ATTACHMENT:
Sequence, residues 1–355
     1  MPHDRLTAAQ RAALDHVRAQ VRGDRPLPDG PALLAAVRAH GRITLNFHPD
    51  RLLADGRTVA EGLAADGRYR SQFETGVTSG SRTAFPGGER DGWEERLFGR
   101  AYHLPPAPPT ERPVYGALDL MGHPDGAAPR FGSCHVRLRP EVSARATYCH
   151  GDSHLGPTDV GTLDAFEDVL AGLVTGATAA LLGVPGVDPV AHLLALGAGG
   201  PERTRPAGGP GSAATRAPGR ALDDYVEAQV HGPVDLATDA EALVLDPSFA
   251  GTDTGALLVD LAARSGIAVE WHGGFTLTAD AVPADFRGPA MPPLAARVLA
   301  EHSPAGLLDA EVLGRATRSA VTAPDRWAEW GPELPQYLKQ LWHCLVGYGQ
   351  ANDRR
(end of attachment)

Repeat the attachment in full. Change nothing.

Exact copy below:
Sequence, residues 1–355
     1  MPHDRLTAAQ RAALDHVRAQ VRGDRPLPDG PALLAAVRAH GRITLNFHPD
    51  RLLADGRTVA EGLAADGRYR SQFETGVTSG SRTAFPGGER DGWEERLFGR
   101  AYHLPPAPPT ERPVYGALDL MGHPDGAAPR FGSCHVRLRP EVSARATYCH
   151  GDSHLGPTDV GTLDAFEDVL AGLVTGATAA LLGVPGVDPV AHLLALGAGG
   201  PERTRPAGGP GSAATRAPGR ALDDYVEAQV HGPVDLATDA EALVLDPSFA
   251  GTDTGALLVD LAARSGIAVE WHGGFTLTAD AVPADFRGPA MPPLAARVLA
   301  EHSPAGLLDA EVLGRATRSA VTAPDRWAEW GPELPQYLKQ LWHCLVGYGQ
   351  ANDRR